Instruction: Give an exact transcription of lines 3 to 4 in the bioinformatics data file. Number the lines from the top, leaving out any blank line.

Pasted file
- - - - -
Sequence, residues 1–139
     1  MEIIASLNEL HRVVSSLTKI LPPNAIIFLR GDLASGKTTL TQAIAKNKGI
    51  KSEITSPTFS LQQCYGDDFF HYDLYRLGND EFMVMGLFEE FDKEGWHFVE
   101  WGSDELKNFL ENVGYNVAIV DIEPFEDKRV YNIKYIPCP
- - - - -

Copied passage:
    51  KSEITSPTFS LQQCYGDDFF HYDLYRLGND EFMVMGLFEE FDKEGWHFVE
   101  WGSDELKNFL ENVGYNVAIV DIEPFEDKRV YNIKYIPCP